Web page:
What are Bitcoin Ordinals?

Over the past decade, the world of cryptocurrency and blockchain has evolved at an unprecedented pace. From Bitcoin and Ethereum to stablecoins, staking and DeFi, the crypto space has witnessed a plethora of innovations.

Recently, the ecosystem was taken over by important crypto news. On January 21st 2023, Bitcoin Core software engineer Casey Rodarmor launched the ordinal protocol, which has been the talk of the ecosystem since.

What are Bitcoin Ordinals?

Although there are some important differences between NFTs and Ordinals, a rough way of defining Ordinals could be to say they are Bitcoin NFTs you can mint directly on the Bitcoin blockchain. Let's take a closer look.

Each Bitcoin is broken into 100,000,000 units called satoshis (or sats). Each sat is serially numbered, starting at 0. These numbers are "ordinal numbers" in the mathematical sense, giving an order to each sat in the total supply. Satoshi scarcity is cut in half every four years (halving every 210,000 blocks).

As Casey Rodarmor explains in a podcast interview, with the new Ordinals protocol, people who operate nodes in the Bitcoin network can inscribe each sat with data, creating an Ordinal.

Ordinals were made possible by Bitcoin's recent Taproot network upgrade. The Ordinal Theory Handbook states that, "individual satoshis can be inscribed with arbitrary content, creating unique Bitcoin-native digital artifacts that can be held in Bitcoin wallets and transferred using Bitcoin transactions. Inscriptions are as durable, immutable, secure, and decentralized as Bitcoin itself."

Differences between Ordinal NFTs and other NFTs

NFTs (non-fungible tokens) such as ETH NFTs or Stacks NFTs, generally point to off-chain data which is kept on IPFS (Interplanetary File System). IPFS is a decentralized file storage system that can be changed using dynamic metadata. As an example, a token image in a given NFT collection can be updated, and metadata can be refreshed on NFT marketplaces such as OpenSea and Gamma.io.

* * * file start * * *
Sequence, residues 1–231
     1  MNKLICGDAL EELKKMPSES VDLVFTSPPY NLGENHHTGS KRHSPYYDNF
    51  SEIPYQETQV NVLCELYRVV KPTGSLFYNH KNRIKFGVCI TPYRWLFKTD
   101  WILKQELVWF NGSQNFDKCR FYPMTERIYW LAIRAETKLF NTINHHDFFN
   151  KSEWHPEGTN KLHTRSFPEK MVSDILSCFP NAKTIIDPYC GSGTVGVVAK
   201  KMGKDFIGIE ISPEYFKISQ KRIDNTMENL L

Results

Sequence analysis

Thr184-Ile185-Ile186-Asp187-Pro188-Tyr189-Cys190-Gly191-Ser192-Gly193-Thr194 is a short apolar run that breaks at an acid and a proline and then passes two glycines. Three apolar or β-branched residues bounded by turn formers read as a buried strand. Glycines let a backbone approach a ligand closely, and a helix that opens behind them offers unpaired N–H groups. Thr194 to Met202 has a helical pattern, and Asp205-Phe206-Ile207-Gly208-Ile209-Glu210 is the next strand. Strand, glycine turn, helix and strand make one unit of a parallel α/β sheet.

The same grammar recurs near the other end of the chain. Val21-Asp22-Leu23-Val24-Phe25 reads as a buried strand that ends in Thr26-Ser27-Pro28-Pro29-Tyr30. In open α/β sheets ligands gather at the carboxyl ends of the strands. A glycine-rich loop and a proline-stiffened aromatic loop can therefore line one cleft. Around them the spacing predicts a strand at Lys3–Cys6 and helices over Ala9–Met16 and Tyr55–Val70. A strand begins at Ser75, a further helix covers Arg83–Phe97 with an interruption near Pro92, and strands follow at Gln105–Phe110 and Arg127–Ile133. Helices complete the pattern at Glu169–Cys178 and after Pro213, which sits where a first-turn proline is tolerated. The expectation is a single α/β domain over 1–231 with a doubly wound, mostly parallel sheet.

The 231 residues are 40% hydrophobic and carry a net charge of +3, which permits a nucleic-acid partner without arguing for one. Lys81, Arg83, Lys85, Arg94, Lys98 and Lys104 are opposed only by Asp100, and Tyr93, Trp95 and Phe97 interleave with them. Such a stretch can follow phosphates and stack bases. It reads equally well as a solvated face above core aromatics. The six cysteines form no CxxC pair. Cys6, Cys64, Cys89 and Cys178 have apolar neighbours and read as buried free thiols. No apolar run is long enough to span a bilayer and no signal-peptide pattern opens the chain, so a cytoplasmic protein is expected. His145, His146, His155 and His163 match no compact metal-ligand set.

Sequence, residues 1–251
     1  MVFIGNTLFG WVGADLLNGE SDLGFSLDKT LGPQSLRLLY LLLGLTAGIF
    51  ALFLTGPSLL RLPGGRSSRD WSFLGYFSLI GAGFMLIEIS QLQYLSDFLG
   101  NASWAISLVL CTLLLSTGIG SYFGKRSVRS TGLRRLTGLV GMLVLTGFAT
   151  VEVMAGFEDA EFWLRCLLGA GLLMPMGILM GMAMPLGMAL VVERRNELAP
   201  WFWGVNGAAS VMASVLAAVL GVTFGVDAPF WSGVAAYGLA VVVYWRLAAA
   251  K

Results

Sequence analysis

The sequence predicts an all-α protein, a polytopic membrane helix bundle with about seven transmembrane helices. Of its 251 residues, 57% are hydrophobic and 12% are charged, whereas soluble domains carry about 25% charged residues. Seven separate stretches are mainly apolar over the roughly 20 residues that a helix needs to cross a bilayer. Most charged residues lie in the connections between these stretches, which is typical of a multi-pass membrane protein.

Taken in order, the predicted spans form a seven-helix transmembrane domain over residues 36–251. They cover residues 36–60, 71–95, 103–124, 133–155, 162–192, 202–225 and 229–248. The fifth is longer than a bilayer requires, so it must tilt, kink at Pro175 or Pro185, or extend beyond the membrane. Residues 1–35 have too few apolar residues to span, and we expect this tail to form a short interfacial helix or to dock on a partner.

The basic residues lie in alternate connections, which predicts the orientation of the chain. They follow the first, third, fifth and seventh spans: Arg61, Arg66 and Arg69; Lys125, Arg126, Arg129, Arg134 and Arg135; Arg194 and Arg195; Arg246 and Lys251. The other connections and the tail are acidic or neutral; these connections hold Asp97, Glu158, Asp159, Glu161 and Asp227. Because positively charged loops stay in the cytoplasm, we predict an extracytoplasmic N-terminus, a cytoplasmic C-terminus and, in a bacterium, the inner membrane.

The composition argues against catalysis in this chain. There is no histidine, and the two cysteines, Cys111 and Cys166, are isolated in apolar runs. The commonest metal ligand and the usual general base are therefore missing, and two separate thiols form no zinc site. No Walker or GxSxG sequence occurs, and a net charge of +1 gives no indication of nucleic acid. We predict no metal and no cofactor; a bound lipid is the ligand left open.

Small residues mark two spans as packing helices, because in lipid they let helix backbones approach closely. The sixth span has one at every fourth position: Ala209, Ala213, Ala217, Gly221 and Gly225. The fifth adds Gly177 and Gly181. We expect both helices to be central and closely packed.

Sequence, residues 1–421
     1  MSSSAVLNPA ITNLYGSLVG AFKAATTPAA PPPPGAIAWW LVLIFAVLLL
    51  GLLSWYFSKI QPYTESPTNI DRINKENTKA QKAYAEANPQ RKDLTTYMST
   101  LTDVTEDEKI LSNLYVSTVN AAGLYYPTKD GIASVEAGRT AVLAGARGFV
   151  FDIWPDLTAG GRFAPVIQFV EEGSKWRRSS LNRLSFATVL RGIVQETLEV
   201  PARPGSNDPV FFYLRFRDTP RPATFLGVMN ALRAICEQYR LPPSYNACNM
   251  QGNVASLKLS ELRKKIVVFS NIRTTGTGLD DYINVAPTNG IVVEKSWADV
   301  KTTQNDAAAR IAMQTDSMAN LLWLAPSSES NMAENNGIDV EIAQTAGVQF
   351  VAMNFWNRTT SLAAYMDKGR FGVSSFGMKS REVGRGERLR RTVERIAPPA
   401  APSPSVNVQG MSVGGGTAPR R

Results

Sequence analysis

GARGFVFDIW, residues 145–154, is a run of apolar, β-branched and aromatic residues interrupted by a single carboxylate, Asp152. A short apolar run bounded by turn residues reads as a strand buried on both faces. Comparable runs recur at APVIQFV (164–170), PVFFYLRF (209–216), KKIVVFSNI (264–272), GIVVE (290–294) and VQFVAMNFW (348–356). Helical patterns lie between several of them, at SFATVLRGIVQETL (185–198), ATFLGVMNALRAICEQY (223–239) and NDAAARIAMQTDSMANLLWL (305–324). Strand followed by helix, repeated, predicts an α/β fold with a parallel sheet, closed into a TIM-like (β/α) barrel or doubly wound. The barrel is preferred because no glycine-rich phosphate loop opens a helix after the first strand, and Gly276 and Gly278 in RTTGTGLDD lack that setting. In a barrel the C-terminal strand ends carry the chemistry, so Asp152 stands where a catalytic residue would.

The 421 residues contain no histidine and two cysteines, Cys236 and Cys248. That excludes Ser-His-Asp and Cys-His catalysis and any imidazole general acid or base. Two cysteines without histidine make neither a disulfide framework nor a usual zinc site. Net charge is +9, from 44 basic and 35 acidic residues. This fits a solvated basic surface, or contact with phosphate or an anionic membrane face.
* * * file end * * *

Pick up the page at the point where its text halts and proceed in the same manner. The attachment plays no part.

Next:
When Casey Rodarmor created the Ordinal protocol, he was trying to improve what he considers to be a deficiency: NFTs require off-chain metadata which can be changed, making them "incomplete" to him. Ordinals, however, are "complete" because all the data is inscribed directly on-chain, and are intended to reflect what NFTs should be: true digital artifacts.

Notable Ordinal inscriptions

The rise of Ordinals caused a lot of excitement and controversy within the Bitcoin community, and it was just weeks before collections emerged as ordinals. Ordinal Punks is one of the most notable projects and pays homage to CryptoPunks. Ordinal Punks is a set of 100 Bitcoin NFTs minted within the first 650 Inscriptions on the Bitcoin chain.

The Taproot Wizards, a collection of hand-drawn NFT wizards, represents the largest block and transaction in the BTC chain's history, with a staggering 4MB.

Ethereum-based collection OCM (OnChainMonkey), minted 10,000 Ordinals into a single Inscription, making it one of the first 10k collections on Bitcoin.

NFT marketplace Gamma.io used its no-code ordinal inscription service to broadcast their press release directly to the Bitcoin blockchain, making it the the world's first press release inscribed to Bitcoin.

It's still very early in the Ordinals market, but the web3 ecosystem has been buzzing and many new projects have been emerging. It was just a few weeks before a developer forked the Bitcoin protocol to create Litecoin and used it to mint the first-ever Litecoin ordinal NFT.

Inscribing Ordinals

Despite the surge in interest in ordinal inscriptions, the process of actually creating an inscription is highly technical, complex, and time consuming. Gamma's no-code platform removes these barriers.

The Gamma no-code creator platform makes ordinals accessible to anyone with a Bitcoin address. Paired with the creator launchpad on the Stacks programming and scaling layer for Bitcoin, the Bitcoin NFT creator experience is finally ready for mainstream adoption, without sacrificing superior levels of security, trust, and decentralization that only Bitcoin can offer.

In February 2023, NFT wallets such as Xverse Wallet also quickly announced Bitcoin Ordinal supported functionality, making it easier to set up a Bitcoin address for your Ordinal. Hiro Wallet developers also confirmed support for Ordinals was on the way.

Getting Ordinals

Once your wallet is set up, you have three options to get an Ordinal. You could run a node and inscribe an Ordinal yourself, which is complex, especially if you don't already run a node. Another option is to find an Ordinal owner and buy directly from them. To find Ordinals, you can go to ordinals.com, where you can see some of the latest inscriptions, or the Ordinals Discord Channel. At the time of writing, there is no Ordinals marketplace yet, so you may have to break every rule you've ever learned about trading digital assets in web3. You may have to connect with people directly in Discord, conduct direct transactions with other people, etc. We recommend you use great caution when trading Ordinals. Lastly, you can explore the Ordinals Collections on Gamma, where you can also see those created using Gamma's no-code platform.

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